Tuesday, April 1, 2008

A Bet with Mrs. Robinson

We've got a real speedster on our DFMC team this year - young Jeff - who recently ran a 5k in 17:03 and cranked out a 1:18:07 at the New Bedford Half-Marathon. He's also smart (recently graduated from Brown) and well-read (loves the classics). And at this point I will remind myself I am a happily married mother of 3 and old enough to be his mother!

This will be Jeff's first marathon, which means he will start with the rest of the charity runners back in the 22nd coral (Wave 2). My qualifying time from NYC places me in the 6th coral this year (Wave 1). This means I will get a 30 minute start on young Jeff PLUS the time he'll spend trying to manuever his way around thousands of 12 minute mile runners in his attempt to start his sub 7 minute race pace. I am guessing that he will finish (chip time) around 2:45...and my goal is around 3:15. And now we have a bet.


We are racing gun time, not chip time. That is, whoever crosses the finish line first is the winner. If I finish first, then he must read Jane Austen's last novel, Persuasion. (the Austen novel of my choice - I'm guessing that at some point in highschool he had to read Pride and Prejudice ). And if he finishes first, I will read Gravity's Rainbow (his favorite novel) byThomas Pynchon.

Now, let's compare the two synoposis:

His book (mature readers only): Tyrone Slothrop, a GI in London in 1944, has a big problem. Whenever he gets an erection, a Blitz bomb hits. Slothrop gets excited, and then (as Thomas Pynchon puts it in his sinister, insinuatingly sibilant opening sentence), "a screaming comes across the sky," heralding an angel of death, a V-2 rocket. The novel's title, Gravity's Rainbow, refers to the rocket's vapor arc, a cruel dark parody of what God sent Noah to symbolize his promise never to destroy humanity again.

Hmmmm....not typically something I would pick off a shelf.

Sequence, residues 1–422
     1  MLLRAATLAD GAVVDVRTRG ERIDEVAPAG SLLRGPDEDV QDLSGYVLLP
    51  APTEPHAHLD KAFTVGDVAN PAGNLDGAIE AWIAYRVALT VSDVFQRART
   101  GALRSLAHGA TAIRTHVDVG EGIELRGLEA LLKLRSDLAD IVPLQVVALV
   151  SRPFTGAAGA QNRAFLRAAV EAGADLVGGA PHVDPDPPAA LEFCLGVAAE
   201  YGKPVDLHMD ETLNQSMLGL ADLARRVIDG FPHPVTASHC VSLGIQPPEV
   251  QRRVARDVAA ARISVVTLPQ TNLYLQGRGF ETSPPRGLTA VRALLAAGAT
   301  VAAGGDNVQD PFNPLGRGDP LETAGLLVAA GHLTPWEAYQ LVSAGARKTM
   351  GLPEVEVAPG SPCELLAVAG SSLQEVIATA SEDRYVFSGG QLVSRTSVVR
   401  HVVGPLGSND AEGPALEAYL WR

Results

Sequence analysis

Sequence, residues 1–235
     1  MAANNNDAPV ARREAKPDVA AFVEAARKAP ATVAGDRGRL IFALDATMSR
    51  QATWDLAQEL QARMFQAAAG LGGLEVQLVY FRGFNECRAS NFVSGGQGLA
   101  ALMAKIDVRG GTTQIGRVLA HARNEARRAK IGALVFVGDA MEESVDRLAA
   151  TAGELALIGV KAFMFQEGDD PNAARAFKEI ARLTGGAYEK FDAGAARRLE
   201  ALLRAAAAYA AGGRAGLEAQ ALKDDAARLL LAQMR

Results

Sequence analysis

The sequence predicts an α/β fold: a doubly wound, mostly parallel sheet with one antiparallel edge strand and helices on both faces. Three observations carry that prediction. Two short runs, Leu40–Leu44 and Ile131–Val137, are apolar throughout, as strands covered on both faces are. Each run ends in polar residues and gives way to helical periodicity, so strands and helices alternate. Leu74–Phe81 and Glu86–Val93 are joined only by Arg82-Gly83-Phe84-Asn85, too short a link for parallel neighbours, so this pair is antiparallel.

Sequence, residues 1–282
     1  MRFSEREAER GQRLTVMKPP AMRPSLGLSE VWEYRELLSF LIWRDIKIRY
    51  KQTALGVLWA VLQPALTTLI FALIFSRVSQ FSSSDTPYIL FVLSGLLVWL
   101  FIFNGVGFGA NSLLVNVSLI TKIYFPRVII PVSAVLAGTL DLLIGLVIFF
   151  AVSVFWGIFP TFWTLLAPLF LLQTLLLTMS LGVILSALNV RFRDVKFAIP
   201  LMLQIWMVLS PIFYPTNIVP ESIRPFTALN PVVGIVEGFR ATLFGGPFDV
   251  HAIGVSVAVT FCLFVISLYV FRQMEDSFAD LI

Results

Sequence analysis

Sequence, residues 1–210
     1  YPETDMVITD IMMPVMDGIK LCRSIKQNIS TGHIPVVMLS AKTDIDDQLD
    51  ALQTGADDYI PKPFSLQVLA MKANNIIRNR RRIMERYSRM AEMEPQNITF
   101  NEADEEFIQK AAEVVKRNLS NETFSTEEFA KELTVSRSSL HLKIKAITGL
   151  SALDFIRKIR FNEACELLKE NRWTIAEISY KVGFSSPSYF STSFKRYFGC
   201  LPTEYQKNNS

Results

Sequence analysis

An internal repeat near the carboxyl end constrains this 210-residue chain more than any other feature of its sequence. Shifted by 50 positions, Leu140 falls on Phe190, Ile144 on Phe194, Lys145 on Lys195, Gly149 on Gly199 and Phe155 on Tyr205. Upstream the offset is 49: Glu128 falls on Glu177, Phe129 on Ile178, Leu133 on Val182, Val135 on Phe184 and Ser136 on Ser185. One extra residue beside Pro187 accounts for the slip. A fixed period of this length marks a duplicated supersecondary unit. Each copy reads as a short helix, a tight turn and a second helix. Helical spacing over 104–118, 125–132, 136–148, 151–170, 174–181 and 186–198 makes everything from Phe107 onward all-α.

My book (general audience): Persuasion follows the romance of Anne Elliot and naval officer Frederick Wentworth. They were happily engaged until Anne’s friend, Lady Russell, persuaded her that Frederick was “unworthy.” Now, eight years later, Frederick returns, a wealthy captain in the navy, while Anne’s family teeters on the edge of bankruptcy. They still love each other, but their past mistakes threaten to keep them apart.

Now, doesn't that sound romantic!?

Runners and readers...on your mark, get set, GO!

4 comments:

Kristina Pinto said...

Oh, Sarah, run hard and run fast. Brian read Gravity's Rainbow when we were in grad school, and his review included things like "prose on acid."

sarah said...

Oh my...I just realized that GR is also 768 pages compared to Persuasion (272 pages ). We might need to add in Emma (572 pages) for a fair bet.

Anne said...

Sarah,
It took me 6 minutes to get to the starting line last year. That's 36 minutes for you. Maybe you'll cross holding hands over your heads!

Jack said...

Then again, by virtue of his stellar 1:18 half marathon, Jeff may get moved up in the corral system - no guarantees - but the drama builds

What a great description of Gravity's Rainbow - "prose on acid"